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Dream Theater - Train Of Thought CD (album) cover

TRAIN OF THOUGHT

Dream Theater

 

Progressive Metal

3.58 | 1393 ratings

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The T
Special Collaborator
Honorary Collaborator
3 stars There are only two Dream Theater albums still missing from my review list, so now let's share a few comments about one of the most polemical records in the band's catalogue: TRAIN OF THOUGHT.

When I first heard this album a few years ago, it was a huge dissapointment for me. To be honest, that feeling had a lot to do with what I was expecting from the band after two very important releases in their history. One, SCENES FROM A MEMORY, the best album ever in my book; and, two, 6 DEGREES OF INNER TURBULENCE, their worst LaBrie-sung album in my view. So, TOT had a lot to accomplish: it had to erase from my mind the bad taste left by atrocious track "The Glass Prison" and most all of the first cd of 6DOIT, and while I knew it was going to be difficult to top SFAM, of course I was hoping that maybe someday an album could do it. Suffice it to say, TOT not only didn't surpass SFAM, but, after my first listen, it even failed to restore the band's good name in my mind after their weakest record.

But what was the problem from a musical point of view? Well, it's easy to say: for me, the album was too heavyand, because of the focus in speed instead of in melodytoo NOISY. This was just the "showing-off" band many people accuse Dream Theater of being, not the fantastic prog-metal, innovative, melodic, intelligent outfit that they really are. The heavyness, but more than the heavyness, the speed really turned me off and away from the album, with such force that I didn't listen to it completely for another year or so (the first time that ever happened -nad has happened to me since - with a DT album.) .

Another problem was the almost complete dissapearance of an instrument I hold in high regard in Dream Theater: the keyboards. Jordan Rudess is all but gone from the final mix, and the songs themselves don't present him with much in the way of opportunities to shine. In a sense, one can say that, at times, this is the "keyboards-less" album of Dream Theater. That, together with the lack of melodic parts and solos, and the rather scarce sections where LaBrie has a chance to shine like he always does, scared me away from TOT.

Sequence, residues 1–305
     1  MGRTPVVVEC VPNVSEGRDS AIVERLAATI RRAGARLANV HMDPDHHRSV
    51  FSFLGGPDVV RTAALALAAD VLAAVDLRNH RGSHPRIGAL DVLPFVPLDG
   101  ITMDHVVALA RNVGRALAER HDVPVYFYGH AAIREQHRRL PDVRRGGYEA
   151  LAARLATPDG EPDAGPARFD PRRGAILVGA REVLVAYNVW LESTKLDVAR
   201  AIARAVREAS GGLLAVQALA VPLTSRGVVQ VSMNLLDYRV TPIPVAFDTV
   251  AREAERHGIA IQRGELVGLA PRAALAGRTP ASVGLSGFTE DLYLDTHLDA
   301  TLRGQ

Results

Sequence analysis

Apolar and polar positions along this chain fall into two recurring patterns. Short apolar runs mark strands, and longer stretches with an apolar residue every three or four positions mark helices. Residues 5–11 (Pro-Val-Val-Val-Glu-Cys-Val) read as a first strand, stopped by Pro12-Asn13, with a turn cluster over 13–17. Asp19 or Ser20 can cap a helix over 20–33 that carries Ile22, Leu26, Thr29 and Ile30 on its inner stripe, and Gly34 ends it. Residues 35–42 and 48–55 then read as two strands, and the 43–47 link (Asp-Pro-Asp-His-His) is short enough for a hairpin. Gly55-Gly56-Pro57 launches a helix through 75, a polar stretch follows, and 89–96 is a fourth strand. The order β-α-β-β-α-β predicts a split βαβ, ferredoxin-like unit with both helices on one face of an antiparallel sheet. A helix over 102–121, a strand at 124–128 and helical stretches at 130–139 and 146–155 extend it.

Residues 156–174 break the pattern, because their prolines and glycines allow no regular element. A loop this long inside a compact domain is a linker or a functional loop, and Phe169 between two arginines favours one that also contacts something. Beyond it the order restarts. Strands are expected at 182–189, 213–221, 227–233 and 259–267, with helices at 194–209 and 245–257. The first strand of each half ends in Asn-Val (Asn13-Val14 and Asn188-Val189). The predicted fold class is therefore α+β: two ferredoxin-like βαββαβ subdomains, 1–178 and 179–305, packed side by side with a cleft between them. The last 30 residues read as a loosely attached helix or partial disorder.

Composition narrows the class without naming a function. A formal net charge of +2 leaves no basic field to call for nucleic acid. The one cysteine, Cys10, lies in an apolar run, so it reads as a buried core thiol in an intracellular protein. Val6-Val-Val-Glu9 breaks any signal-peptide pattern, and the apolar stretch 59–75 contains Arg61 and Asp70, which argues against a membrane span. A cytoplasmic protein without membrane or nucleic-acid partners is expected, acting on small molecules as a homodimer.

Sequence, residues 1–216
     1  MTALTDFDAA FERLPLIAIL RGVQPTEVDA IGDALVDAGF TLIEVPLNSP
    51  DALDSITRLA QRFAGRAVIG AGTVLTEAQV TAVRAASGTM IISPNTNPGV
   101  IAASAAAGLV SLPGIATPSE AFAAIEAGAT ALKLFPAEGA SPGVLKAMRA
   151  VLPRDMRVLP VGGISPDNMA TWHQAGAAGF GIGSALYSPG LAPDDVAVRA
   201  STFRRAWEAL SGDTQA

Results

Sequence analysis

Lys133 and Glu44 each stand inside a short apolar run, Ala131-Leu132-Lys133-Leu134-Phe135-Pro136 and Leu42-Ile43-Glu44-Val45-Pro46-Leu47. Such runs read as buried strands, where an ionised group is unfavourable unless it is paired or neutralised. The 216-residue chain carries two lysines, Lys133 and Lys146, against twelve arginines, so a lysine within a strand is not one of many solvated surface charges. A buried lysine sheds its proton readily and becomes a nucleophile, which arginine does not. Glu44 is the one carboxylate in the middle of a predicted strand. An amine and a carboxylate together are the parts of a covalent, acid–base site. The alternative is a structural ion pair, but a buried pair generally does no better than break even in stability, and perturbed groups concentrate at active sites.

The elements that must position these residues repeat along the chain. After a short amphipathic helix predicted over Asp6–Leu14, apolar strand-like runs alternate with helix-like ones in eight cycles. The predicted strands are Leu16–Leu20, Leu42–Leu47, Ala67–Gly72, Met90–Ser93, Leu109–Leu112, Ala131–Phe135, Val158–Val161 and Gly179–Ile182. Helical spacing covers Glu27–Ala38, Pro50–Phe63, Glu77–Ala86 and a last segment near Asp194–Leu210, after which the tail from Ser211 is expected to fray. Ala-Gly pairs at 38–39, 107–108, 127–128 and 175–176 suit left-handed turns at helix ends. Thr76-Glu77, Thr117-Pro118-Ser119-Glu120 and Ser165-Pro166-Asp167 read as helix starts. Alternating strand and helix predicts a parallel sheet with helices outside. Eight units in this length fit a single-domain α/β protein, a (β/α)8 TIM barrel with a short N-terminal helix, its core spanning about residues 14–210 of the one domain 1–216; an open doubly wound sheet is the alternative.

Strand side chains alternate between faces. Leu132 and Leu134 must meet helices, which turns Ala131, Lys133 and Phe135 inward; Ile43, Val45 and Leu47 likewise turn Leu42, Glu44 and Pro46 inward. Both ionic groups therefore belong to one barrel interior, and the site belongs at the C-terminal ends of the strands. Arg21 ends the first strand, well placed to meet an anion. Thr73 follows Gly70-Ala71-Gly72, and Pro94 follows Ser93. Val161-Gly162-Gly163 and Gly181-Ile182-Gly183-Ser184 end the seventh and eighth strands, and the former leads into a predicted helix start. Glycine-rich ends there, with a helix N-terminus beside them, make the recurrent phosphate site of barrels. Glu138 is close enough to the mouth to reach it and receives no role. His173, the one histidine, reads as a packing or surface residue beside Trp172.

But then I re-discovered TOT and understood that this was sort of a logical step in the band's career. It's obvious that they are huge Metallica fans, that they love a lot of thrash and power metal groups that rarely get mentioned in the prog-metal scene. So they wished to release a collection of songs with a stronger emphasis in that part of their musical hearts, and let the other part, the more "progressive" part, rest aside for a while. With consecutive listens I started to like a few of the songs and today I have almost no problems with digesting this album in its entirety, but there are still qualms that arise when TOT reaches my ears. Let's review the songs to further explain it.

As I Am (4/10), a rather vulgar, mundane, Metallica-ish song with almost no points of interest. Of course it's perfectly played and is enjoyable, but nothing exciting or too progressive. Overall, a weak opener. The chorus is boring, but the solo is he worst part, one of the most mediocre, boring solos in DT history (there haven't been many that were bad, so this is truly unique in a way). Arguably one of the bottom-three songs in DT's career for me. Awful.

This Dying Soul (6.5/10) The start of the song is incredibly heavy, so heavy that, were the guitars a little lower in tone, we could mistake this as death metal. The main riff is decent when the fellows put some melody into it, specially when they decide to let Rudess actually DO something. The song grows with time, but LaBrie singing with a machine, distorted, is not really my idea of exploiting his abilities. There's a section that truly sounds like Diabolus-In-Musica-era Slayer (??). Another one where LaBrie sounds like Mustaine from Megadeth (??!??) Halfway down the song, when Rudess' piano has a chance to SOUND, we feel like DT is back on track.Too long and metallic. Not the best. Not the worst. Except, I repeat, for the Mustaine-like part: that one is truly atrocious.